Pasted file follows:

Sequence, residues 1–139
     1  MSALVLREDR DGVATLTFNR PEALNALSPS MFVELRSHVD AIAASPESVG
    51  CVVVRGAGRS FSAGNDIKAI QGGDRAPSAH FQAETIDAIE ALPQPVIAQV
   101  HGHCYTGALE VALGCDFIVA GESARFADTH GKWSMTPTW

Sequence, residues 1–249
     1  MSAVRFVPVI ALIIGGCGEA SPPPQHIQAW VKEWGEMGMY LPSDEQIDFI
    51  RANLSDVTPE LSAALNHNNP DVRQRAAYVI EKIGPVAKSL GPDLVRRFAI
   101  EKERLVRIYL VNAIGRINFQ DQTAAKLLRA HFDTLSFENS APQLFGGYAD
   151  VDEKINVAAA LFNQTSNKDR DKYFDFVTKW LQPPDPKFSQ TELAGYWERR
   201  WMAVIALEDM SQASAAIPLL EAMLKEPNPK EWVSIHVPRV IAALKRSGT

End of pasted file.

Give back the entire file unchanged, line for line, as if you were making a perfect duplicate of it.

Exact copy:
Sequence, residues 1–139
     1  MSALVLREDR DGVATLTFNR PEALNALSPS MFVELRSHVD AIAASPESVG
    51  CVVVRGAGRS FSAGNDIKAI QGGDRAPSAH FQAETIDAIE ALPQPVIAQV
   101  HGHCYTGALE VALGCDFIVA GESARFADTH GKWSMTPTW

Sequence, residues 1–249
     1  MSAVRFVPVI ALIIGGCGEA SPPPQHIQAW VKEWGEMGMY LPSDEQIDFI
    51  RANLSDVTPE LSAALNHNNP DVRQRAAYVI EKIGPVAKSL GPDLVRRFAI
   101  EKERLVRIYL VNAIGRINFQ DQTAAKLLRA HFDTLSFENS APQLFGGYAD
   151  VDEKINVAAA LFNQTSNKDR DKYFDFVTKW LQPPDPKFSQ TELAGYWERR
   201  WMAVIALEDM SQASAAIPLL EAMLKEPNPK EWVSIHVPRV IAALKRSGT